No. It is prohibited to cancel an employment contract due to the employee often being at home to care for a sick child. The same rule applies during the probationary period.
Pursuant to the Employment Contracts Act, an employment contract may not be cancelled for the reason that the employee performs important family obligations (clause 92 (1) 2) of the Employment Contracts Act).
Employees are also protected by the Gender Equality Act, which stipulates that the unfavourable treatment of a person in relation to parenting and performing family obligations is discriminatory and thus also prohibited (clause 3 (1) 3), clause 6 (2) 1) and 7) and subsection 5 (1) of the Gender Equality Act).
A certificate of care leave issued to a parent taking care of a sick child is a type of a certificate of incapacity for work and releases the parent from the performance of his or her duties. During the period of release from work or service, the employer may not allow the employee to work and the employee has the right to refuse to work. These principles are laid down in the Health Insurance Act (subsections 52 (1) and (3) and subsection 61 (1)) and in the Employment Contracts Act (clause 19 2)).
The purpose of the probationary period is to ascertain whether the employee’s health, knowledge, skills, abilities and personal characteristics correspond to the level required for the performance of the work (subsection 6 (1) of the Employment Contracts Act). If an employer terminates an employment contract during a probationary period, they must justify and prove the circumstances that show that the employee is not suitable for the agreed work because of his or her health, knowledge, skills, abilities or personal characteristics.
During the probationary period, the employer may not cancel the employment contract on a ground that is in conflict with the goal of the probationary period (subsection 86 (4) of the Employment Contracts Act).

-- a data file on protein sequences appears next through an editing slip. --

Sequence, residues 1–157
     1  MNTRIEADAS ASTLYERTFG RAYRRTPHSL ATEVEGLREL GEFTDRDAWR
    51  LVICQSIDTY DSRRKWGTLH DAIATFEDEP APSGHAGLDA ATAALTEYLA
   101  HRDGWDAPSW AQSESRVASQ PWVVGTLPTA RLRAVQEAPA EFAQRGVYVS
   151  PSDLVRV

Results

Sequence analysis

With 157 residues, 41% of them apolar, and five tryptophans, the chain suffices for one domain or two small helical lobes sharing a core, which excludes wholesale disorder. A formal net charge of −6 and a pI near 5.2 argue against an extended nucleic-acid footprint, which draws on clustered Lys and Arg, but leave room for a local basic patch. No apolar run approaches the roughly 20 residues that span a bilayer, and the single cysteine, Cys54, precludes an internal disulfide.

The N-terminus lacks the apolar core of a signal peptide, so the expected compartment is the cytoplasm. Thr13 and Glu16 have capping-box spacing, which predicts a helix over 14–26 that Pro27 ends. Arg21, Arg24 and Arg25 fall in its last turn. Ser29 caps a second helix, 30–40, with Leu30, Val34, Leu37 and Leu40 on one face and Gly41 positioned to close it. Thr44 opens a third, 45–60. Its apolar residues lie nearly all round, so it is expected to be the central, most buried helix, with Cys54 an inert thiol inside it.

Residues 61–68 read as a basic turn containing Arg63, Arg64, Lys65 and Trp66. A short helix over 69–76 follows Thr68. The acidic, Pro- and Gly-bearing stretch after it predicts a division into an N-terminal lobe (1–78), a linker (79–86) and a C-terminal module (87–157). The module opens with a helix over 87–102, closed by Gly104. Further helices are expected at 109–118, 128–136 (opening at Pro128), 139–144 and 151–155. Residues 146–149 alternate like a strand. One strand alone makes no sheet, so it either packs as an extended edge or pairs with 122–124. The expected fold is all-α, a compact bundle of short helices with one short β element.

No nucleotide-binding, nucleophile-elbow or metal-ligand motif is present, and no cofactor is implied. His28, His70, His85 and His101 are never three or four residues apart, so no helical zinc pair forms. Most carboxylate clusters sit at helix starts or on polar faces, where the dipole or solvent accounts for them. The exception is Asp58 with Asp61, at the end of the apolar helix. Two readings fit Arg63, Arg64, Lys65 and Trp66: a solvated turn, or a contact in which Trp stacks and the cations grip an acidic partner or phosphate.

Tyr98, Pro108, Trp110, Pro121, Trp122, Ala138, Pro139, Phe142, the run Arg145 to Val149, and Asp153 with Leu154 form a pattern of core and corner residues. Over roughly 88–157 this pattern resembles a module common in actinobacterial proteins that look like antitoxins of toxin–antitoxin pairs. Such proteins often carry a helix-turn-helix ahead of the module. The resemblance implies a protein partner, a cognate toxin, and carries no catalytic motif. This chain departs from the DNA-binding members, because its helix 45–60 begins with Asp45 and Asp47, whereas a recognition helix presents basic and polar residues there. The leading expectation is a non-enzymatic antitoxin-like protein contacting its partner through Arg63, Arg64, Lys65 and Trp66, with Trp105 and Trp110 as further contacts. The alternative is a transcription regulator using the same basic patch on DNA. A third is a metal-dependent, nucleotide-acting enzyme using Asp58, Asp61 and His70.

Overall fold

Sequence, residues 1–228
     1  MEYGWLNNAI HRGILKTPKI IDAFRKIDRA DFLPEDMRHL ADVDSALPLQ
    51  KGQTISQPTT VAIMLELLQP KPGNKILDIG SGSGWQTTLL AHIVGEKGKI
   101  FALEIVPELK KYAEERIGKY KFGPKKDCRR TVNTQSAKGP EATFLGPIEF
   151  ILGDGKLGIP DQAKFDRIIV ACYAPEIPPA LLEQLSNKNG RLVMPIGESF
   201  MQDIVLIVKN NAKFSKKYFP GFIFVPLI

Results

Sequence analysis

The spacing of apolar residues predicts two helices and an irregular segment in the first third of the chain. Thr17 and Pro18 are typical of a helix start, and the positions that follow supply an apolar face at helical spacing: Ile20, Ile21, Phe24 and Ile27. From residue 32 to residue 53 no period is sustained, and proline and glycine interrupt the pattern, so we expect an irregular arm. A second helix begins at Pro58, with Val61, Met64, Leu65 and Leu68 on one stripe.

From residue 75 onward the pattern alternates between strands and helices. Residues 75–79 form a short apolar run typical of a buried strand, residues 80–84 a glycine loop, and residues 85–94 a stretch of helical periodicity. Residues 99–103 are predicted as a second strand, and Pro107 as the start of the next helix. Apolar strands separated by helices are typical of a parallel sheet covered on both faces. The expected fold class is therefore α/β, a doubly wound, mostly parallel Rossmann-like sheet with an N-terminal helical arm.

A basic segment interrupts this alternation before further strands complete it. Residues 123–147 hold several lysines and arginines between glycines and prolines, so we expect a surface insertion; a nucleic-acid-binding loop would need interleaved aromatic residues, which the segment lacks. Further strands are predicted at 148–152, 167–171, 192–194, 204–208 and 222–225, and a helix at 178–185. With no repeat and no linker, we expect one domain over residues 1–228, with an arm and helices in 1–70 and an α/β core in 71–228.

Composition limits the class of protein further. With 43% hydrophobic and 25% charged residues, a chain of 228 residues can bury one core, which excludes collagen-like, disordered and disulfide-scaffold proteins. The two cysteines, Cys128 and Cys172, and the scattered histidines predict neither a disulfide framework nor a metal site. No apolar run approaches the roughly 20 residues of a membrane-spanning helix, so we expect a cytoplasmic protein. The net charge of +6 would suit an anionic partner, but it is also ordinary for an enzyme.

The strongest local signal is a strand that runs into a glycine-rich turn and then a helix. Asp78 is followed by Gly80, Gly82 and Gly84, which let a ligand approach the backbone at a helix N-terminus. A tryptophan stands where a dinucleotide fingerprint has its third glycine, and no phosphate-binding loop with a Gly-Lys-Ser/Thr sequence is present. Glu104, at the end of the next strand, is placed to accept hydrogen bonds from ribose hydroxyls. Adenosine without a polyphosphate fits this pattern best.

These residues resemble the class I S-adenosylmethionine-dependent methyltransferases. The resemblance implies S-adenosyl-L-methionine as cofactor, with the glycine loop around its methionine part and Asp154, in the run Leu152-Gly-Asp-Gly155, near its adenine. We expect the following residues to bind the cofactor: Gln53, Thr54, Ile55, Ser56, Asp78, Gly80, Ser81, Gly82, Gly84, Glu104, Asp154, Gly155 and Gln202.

The cancellation of an employment contract on the ground that the employee is often at home with a sick child is in conflict with the goal of the probationary period and is therefore prohibited by law.
Clause 92 (1) 2) of the Employment Contracts Act
Clause 19 2) of the Employment Contracts Act
Subsection 6 (1) of the Employment Contracts Act
Subsection 86 (4) of the Employment Contracts Act
Clause 3 (1) 3) of the Gender Equality Act
Subsection 5 (1) of the Gender Equality Act
Clauses 6 (2) 1) and 7) of the Gender Equality Act
Subsections 52 (1) and (3) of the Health Insurance Act
Subsection 61 (1) of the Health Insurance Act
The activities of an employer are also deemed to be discriminatory if the employer treats a person less favourably due to pregnancy, child-birth, parenting, performance of family obligations or other circumstances related to gender (subsection 6 (2) of the Gender Equality Act).
This explanation does not constitute legal aid in a specific case. Therefore, if you feel that you have been treated unequally, but you did not find a solution to your problem in this article, or if you have a question, please contact the Equality Commissioner by e-mail at firstname.lastname@example.org or telephone +372 626 9059. The anonymity of the person is guaranteed when contacting the Commissioner.